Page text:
Ryan Millet's lawyers say Dalhousie student in Facebook scandal unfairly suspended
Dentistry student appeared before a disciplinary hearing last night at Halifax university
Lawyers representing one of the dentistry students at the centre of the Dalhousie University Facebook scandal say their client was unfairly suspended based on him "liking" one photo with sexual overtones from a humour website.
- Ryan Millet appears before disciplinary hearing in Dalhousie Facebook scandal
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"Last night was, I guess, our last hope at what we hoped would be a simple and a fair process. In our opinion, and I think in Ryan's opinion, that wasn't the end result," said Bruce MacIntosh, one of Ryan Millet's lawyers, the morning after the fourth-year dental student's disciplinary committee hearing in Halifax.
MacIntosh and his daughter, Sarah MacIntosh, also a lawyer, spoke on their client's behalf Wednesday.
Millet's name, and photo, are among 13 names that appear in screenshots provided to CBC News showing misogynistic comments by members of the Facebook group.
Tuesday night's meeting was the first time Millet and his lawyers heard Dalhousie's case against him. The hearing lasted 4½ hours and was eventually adjourned.
Bruce MacIntosh said the university's disciplinary system is "irrevocably broken, it's just not working."
The lawyers said six Facebook posts formed the base of Millet's suspension from clinical activities, and he wasn't involved in five of them.
No grounds for discipline, lawyer says
CBC News obtained 46 pages of screen grabs from the Class of DDS 2015 Gentlemen Facebook page.
The lawyers said that with one post, Millet "liked" a photo from a humour website showing a woman sitting near a sign that says "public entrance."
Sarah MacIntosh said a poll posted to the page that discussed having "hate" sex with women was not one of the six posts discussed at the meeting, but it "was the straw that broke the camel's back for Ryan in bringing this forward."
She said Millet has been unfairly targeted in the disciplinary hearing process through "guilt of association."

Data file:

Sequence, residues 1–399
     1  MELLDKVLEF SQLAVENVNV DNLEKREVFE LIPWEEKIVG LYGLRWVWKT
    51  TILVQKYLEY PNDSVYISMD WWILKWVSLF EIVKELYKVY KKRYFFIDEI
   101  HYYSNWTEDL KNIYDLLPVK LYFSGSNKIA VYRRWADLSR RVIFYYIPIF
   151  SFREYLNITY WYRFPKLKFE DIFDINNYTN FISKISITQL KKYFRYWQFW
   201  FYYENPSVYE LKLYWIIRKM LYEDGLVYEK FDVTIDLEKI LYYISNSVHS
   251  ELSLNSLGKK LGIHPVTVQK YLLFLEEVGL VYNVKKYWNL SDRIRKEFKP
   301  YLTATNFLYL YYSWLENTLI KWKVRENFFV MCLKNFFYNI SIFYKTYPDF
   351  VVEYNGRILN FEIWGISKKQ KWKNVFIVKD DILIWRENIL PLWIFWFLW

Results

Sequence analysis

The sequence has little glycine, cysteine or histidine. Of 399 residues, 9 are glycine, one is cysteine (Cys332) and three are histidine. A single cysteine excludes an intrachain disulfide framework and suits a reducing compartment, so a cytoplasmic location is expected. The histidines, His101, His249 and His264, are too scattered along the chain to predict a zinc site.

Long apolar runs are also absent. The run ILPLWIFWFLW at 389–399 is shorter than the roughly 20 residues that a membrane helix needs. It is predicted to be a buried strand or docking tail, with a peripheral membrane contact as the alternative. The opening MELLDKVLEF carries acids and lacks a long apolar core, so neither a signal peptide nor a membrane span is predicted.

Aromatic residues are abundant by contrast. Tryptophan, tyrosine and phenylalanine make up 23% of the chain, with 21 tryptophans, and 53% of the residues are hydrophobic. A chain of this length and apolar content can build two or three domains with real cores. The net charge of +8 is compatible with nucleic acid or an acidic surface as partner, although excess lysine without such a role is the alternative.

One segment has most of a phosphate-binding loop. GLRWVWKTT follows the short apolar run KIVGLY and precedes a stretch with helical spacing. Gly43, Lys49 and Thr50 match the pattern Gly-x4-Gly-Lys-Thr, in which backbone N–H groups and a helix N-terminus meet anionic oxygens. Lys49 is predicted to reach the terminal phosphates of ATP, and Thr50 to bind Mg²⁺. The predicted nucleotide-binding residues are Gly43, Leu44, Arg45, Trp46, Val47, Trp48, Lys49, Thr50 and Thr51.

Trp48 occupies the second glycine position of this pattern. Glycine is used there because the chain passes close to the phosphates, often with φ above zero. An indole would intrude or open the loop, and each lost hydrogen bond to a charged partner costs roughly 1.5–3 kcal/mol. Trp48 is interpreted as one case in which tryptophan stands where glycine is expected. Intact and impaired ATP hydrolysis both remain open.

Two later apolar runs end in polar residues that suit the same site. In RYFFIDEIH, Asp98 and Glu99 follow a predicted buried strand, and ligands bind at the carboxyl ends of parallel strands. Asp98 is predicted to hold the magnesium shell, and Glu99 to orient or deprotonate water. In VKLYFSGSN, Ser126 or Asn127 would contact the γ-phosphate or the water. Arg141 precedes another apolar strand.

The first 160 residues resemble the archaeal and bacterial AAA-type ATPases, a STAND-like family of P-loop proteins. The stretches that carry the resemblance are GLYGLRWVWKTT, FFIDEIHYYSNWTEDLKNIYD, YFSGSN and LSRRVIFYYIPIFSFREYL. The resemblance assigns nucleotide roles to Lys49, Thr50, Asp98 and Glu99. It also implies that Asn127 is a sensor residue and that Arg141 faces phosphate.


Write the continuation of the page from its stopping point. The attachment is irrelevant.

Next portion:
"There are varying degrees of culpability" added Bruce MacIntosh. "Mere membership in a Facebook group is not grounds for disciplinary action."
He said most people wouldn't pass the social media standard set out by Dalhousie in the aftermath, adding that the administration is making up rules to deal with the case as it goes along.
"The sands keep shifting," he said.
Bruce MacIntosh said they objected to having outside observer Katherine Harman, vice-chair of the university's senate, attend Tuesday night's session. He was also upset his request to have Millet sworn in at the hearing was denied and that the meeting was in-camera, keeping the media out.
"There are important issues of both credibility and influence, or undue influence that we wish to explore at this hearing as to what led to the circumstances where everybody was thrown into the same pot together without any investigation other than the mere existence of the Facebook [page], suspended with consequences that are extraordinary," he said.
MacIntosh said he plans to ask Dalhousie's senate to appoint a judge or arbitrator to look at discipline at the dental faculty.
In a statement to CBC, Dalhousie spokesman Brian Leadbetter said the school will continue to evaluate each of the men’s individual cases through the dental academic standards class committee.
"We are committed to a just process. The process will comply with the law and university policies, and respect the rights of those involved. Much of the work under the policies involved is confidential, to ensure that we respect the privacy of all students involved," he wrote.
"It is premature to speculate on the length of time for the academic standards class committee deliberations or when decisions will be made. Similarly, we can't speculate on the impact of the students’ ability to graduate."
Millet is scheduled to write an exam Wednesday afternoon. He had planned to attend the news conference but a release sent by MacIntosh late Tuesday said, "addressing media questions tomorrow [Wednesday] would require more effort, energy and emotional strength than he presently possesses."
MacIntosh said the Facebook group had innocuous beginnings. It was a way, according to Millet, to talk about dentistry techniques and share funny videos. He said he was added to the group.
Millet has chosen not to participate in the restorative justice process set out by Dalhousie University, and instead chose to go before the disciplinary committee.
His lawyer said he has tentative job offers in the U.S., but has decided not to write his Canadian exams after the Facebook ordeal.